background sitting next to me, working with me?

WELLS: Fandom`s Craig Palmer decided to put his money where his mouth is
and give Schuhmacher the chance to interview for a paid internship.
Schuhmacher went to the same process as everyone else and got the job.

SCHUHMACHER: I`m not going to say it was as hard as the parole board but
it was pretty tough, right?

WELLS: When Chris showed up for his first day of work here in downtown San
Francisco, most of his co-workers did not know about his background, they
did notice his age.

JON-PAUL ALES-BARNICOAT, FANDOM VP OF EMPLOYEE EXPERIENCE: There were a
couple of jokes about who is the old intern.

WELLS: About a week after being hired, Chris Schuhmacher told his whole
story to the entire company.

SCHUHMACHER: The secret was out, right? And, of course, it`s always
nerve-wracking. You wonder how people are going to think. But the
feedback and the support has been really positive.

BARTOSZ BENTKOWSKI, FANDOM SENIOR ENGINEER: I was I think a little afraid.
It turned out great.

KEIKO LAI-TONG, FANDOM LOCALIZATION MANAGER: Yes, I was excited and
curious rather than scared.

WELLS: But there`s been a lot to learn outside the office. Like
smartphones.

Not long after leaving San Quentin, Schuhmacher and other Last Mile
graduates and supporters hiked into the hills above the prison.

UNIDENTIFIED MALE: I do not miss that place.

WELLS: Of the 30 Last Mile graduates, none has gone back behind bars. The
program is expanding to other prisons and other states.

For Chris Schuhmacher, it`s been a long journey of self-improvement, which
isn`t over. Where do you see yourself in two years, five years, 10 years?

SCHUHMACHER: Oh, my gosh. That`s a really hard question. You know, I see
myself on this side of the wall being a family man, being somebody that
cares really about life and people and somebody that`s — has a strong mind
and a strong character.

WELLS: He hopes to live by a new code.

For NIGHTLY BUSINESS REPORT, Jane Wells, San Francisco.

(END VIDEOTAPE)

HERERA: Still to come on NIGHTLY BUSINESS REPORT, stores say they`ve found
a faster, easier way to shop. But is it? We put a relatively new service
to the test.

(MUSIC)

GRIFFETH: Retailers are always looking for a way to stay ahead of the
competition. And this year, a number of stores are pushing a service that
they describe as more convenient than ordering online and waiting for
delivery. It`s called buy online and pick up in store. But is it faster
and easier?

Our Courtney Reagan puts six of the biggest chains to the test with teams
in cities across the country.

(BEGIN VIDEOTAPE)

COURTNEY REAGAN, NIGHTLY BUSINESS REPORT CORRESPONDENT: Walmart and Target
(NYSE:TGT). Macy`s (NYSE:M) and Kohl`s (NYSE:KSS). Home Depot (NYSE:HD)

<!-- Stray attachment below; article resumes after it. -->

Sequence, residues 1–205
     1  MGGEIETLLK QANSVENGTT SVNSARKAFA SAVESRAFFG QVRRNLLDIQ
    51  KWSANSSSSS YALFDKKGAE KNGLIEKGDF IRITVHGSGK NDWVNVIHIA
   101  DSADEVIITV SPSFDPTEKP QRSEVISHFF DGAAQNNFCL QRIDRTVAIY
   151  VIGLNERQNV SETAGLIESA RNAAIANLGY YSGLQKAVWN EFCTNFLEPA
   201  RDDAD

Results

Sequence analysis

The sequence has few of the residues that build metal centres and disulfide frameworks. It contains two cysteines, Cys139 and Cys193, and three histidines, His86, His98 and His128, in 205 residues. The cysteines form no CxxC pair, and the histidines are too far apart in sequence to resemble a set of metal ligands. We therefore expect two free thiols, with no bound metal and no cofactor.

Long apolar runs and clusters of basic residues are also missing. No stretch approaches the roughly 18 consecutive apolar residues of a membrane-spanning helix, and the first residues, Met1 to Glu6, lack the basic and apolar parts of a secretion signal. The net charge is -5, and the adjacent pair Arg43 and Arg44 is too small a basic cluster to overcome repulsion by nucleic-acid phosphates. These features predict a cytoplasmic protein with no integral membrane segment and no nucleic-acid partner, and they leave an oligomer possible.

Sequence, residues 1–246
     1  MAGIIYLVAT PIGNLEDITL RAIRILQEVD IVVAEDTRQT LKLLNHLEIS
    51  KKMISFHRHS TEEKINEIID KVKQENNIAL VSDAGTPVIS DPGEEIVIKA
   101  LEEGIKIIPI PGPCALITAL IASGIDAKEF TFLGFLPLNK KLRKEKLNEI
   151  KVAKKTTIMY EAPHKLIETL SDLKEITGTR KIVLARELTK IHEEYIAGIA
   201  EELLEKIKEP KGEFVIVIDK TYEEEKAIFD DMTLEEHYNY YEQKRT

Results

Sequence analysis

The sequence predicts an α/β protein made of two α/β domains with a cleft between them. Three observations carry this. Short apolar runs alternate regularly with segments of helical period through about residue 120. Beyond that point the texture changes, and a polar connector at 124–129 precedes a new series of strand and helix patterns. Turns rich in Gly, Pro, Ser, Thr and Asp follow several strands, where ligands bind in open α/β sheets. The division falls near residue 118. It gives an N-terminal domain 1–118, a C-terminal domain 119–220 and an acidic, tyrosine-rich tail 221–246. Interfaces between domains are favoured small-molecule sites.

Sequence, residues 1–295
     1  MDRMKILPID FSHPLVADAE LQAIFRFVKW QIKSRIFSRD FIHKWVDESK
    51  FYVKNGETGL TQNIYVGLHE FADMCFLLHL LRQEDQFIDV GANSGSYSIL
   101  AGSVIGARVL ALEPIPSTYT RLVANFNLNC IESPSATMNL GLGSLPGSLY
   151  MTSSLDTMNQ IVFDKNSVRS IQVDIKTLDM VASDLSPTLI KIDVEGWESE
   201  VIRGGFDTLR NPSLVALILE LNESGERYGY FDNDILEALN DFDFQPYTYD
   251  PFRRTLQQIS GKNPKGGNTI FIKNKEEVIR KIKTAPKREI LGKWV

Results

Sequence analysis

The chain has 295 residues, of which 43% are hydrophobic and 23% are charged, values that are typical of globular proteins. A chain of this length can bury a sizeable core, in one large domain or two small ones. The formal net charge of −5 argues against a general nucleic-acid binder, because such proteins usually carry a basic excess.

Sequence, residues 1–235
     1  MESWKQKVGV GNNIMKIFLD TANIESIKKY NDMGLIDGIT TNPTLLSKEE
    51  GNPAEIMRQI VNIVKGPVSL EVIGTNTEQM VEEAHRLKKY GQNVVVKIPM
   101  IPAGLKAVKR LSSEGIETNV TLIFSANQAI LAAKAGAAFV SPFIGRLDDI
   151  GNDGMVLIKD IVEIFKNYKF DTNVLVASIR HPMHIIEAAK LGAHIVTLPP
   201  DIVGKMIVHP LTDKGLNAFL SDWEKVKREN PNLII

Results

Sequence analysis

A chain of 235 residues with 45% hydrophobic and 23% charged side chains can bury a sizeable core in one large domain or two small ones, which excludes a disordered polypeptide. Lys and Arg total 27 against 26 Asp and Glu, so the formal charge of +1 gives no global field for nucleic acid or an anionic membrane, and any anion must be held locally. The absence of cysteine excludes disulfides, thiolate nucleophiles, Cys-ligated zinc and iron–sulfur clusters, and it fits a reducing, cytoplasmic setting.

and Lowe`s. Each have a same day order online, pick up in store option to
save you time this holiday season.

The good news is, no matter which Macy`s we shopped, the experience was
consistent. It was the same case for each retailer we tested.

UNIDENTIFIED FEMALE: The Kohl`s rate, 42 minutes, the Target (NYSE:TGT)
was 45.

REAGAN: The bad news is, not all experiences were without hiccups.

I just got a call from Lowe`s that our order is ready for pickup except for
one item which isn`t available.

That happened at Chicago Lowe`s too. Ordering online is supposed to be
convenient. But each team thought it was the more cumbersome part.

Your pickup store. So, this isn`t even the closest store, it keeps going
back.

Pickup was the easier part.

That was pretty easy. The order was ready in one minute from the time I
got to the counter.

So, which retailer was the fastest? Target (NYSE:TGT). All four orders
were ready in an average of 33 minutes. Kohl`s (NYSE:KSS) was second,
averaging 46 minutes. Though when ease of ordering and pickup was factored
in, the four cities put Kohl`s (NYSE:KSS) was slightly ahead of Target
(NYSE:TGT).

Home Depot (NYSE:HD), third fastest, at one hour and 15 minutes. Macy`s
(NYSE:M) was fourth, two hours and 11 minutes. Lowe`s fifth, at two hours
45 minutes. Walmart comes up last, averaging six hours, 32 minutes.

The Dallas order was placed just before 5:00 p.m. but wasn`t ready until
after 9:00 a.m. the next day.

For NIGHTLY BUSINESS REPORT, I`m Courtney Reagan.

(END VIDEOTAPE)

HERERA: And finally tonight, if you plan on shopping for bargains this
Black Friday, there may be one item to avoid: the Christmas tree.
According to Square`s 2016 sales data, Christmas trees are the most
expensive on the day after Thanksgiving, averaging $66. The closer to
Christmas, the cheaper the tree, which makes sense, of course, which also
means on Christmas Eve, trees are the cheapest, averaging $30 on average.

I`m not sure what they will look like —

GRIFFETH: OK, don`t buy that tree on Friday. I`m making a note right now.
You got it.

HERERA: That does it for us tonight. I`m Sue Herera. Thanks so much for
joining us.

GRIFFETH: I`m Bill Griffeth. Have a great evening.

By the way, be sure to join us tomorrow on Thanksgiving for a special
NIGHTLY BUSINESS REPORT on retirement.

Good night, everybody.

END

Nightly Business Report transcripts and video are available on-line post
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Business Report is not and should not be considered as investment advice.
(c) 2017 CNBC, Inc.